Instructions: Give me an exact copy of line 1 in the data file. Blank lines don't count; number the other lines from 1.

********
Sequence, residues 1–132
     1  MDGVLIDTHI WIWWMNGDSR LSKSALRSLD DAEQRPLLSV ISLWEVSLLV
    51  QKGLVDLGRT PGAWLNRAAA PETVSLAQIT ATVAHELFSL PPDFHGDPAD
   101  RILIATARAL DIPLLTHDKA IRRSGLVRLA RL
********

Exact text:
Sequence, residues 1–132